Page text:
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that its historical significance was truly realised. i nearly fell off my chair because i'd never seen queen victoria in close—up before. it's completely unique because you can see the queen's face for the first time, probably since 1900, since this was shown. it's close up, you can see expressions, you can see her in movement rather than just as a stiff portrait or a still photograph. queen victoria embraced the new medium of film. she and tsar nicholas ii were filled at balmoral in 1896 and the following year, a0 cameras were used to capture the queen's diamond jubilee. very much film was an extension of a whole series of image making about queen victoria. it makes her seem real. it makes her seem real and she is real. but what sets this film apart is the level of detail and that's largely down to the film's size. 68 millimetres on the left and on the right, the footage was filmed in 35 millimetres, a cheaperformat which became the industry standard despite the loss of detail. the result, very few films of such
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high quality were made and no others capture so clearly this living, breathing, moving monarch. sarah campbell, bbc news. a reminder of our top story. the breaking news we are following this hour and that is that at least 16 people, many of them schoolchildren, have been stabbed in an attack in japan. schoolchildren, have been stabbed in an attack injapan. three people are reported dead. japanese media said the attack took place in a park near a railway station in the city of kawasaki. that is south of tokyo. lisa say they have a man in his 50s in custody. he is also repeated that reported to be in a serious condition, having stabbed himself in
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the next —— police say. there is as yet no apparent motive of the attack. we will bring you any more details we get in the coming hours. plenty more on our website and i am on twitter. i'm @duncangolestani. good morning. our final bank holiday of may has been and gone now. it was a tale of two halves, really. the best of the weather was down into the south—east corner on monday — in the london area where we saw 20 degrees, 68 fahrenheit. further north, a beautiful weather watcher picture was sent in. but it was a cold, grey, slightly disappointing story in parts of aberdeenshire with just a daytime maximum of 11 degrees. this is important because the cold air that has been sat across scotland throughout the weekend will push its way steadily southwards, taking the milder air back into the near continent as the northerly winds are set to win out for a couple of days at least. but hopefully only a short, sharp shock. more on that in a moment. the north—westerly direction will drive in some showers across the western isles and running down through the north sea we could see a rush of showers being driven in along the east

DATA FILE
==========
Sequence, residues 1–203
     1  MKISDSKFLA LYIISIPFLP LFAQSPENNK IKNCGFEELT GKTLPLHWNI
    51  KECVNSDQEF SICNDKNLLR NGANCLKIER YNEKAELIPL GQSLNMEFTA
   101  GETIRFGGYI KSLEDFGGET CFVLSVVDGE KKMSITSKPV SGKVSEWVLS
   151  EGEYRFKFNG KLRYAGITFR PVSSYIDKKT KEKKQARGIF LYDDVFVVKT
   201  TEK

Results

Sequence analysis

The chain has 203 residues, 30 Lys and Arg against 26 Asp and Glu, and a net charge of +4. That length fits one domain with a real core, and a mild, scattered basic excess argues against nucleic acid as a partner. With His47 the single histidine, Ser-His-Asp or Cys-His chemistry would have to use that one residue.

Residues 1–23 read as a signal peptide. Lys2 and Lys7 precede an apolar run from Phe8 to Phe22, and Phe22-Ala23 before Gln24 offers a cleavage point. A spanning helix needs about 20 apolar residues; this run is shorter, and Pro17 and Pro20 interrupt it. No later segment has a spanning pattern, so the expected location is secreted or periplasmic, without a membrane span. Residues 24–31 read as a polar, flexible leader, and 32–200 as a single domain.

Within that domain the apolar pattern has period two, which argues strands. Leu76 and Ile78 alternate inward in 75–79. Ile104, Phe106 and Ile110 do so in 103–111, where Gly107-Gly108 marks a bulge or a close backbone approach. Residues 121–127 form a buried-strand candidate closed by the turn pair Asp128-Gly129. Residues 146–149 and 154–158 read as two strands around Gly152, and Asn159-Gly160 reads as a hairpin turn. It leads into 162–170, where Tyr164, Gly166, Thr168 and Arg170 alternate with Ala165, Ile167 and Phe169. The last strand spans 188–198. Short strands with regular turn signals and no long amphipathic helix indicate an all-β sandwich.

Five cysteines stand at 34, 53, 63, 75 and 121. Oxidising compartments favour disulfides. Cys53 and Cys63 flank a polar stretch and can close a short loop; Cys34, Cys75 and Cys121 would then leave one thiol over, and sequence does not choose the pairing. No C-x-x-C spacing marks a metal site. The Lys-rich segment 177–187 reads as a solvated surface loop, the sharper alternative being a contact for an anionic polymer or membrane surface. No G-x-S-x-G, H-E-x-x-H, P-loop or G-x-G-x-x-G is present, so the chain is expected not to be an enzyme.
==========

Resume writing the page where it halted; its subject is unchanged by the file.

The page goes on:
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coast during tuesday. sheltered western areas perhaps seeing the best of the drier, brighter weather but it will be a degree or so cooler than it has been, 10—19 as the daytime maximum. moving out of tuesday, the winds will start to fall light and skies will clear. so a chilly start to wednesday morning before another series of weather fronts push in from the atlantic. during the early hours of wednesday, we will start to see it clouding over from the west but with clearer skies further east, the temperatures are likely to fall away and it could be a chilly start for one or two of us with low single figures first thing on wednesday morning. but the cloud and the rain continues to gather and here it will sit across south—west england and wales. so eight degrees as a minimum. three or four along the east coast. we start off on a chilly note but with some sunshine around first thing on wednesday. the cloud and the rain gathers and continues to push its way steadily east as we go through the day.
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there is a level of uncertainty as to just where this rain is going to be sitting by the middle part of the week but it looks as though it will light and patchy as it continues to push in across the country. further north, a largely dry affair but not particularly warm, 11—18 degrees. as we move out of wednesday, we see that weather front and area of low pressure continuing to drift steadily north and high pressure builds from the south. but more importantly, the winds change direction again and swing back to more of a south—westerly direction, driving milder air once again back across the country. so it's half term for many this week and it does look as though the silver lining is — as we head towards the weekend, for many of us, it will be sunnier and warmer again. the only exception again, the far north of scotland. that's it, whatever you're doing, enjoy if you can.
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this is bbc news, the headlines. at least 18 people have been stabbed, three of them fatally, in an attack in the japanese city of kawasaki. eight of the victims are believed to be children. police say they have a man in custody. president trump is ending his four day visit to japan. on the agenda with prime minister abe have been north korea and trade deals. the austrian parliament has forced the chancellor and his centre—right government from office. sebastian kurz lost a no—confidence vote —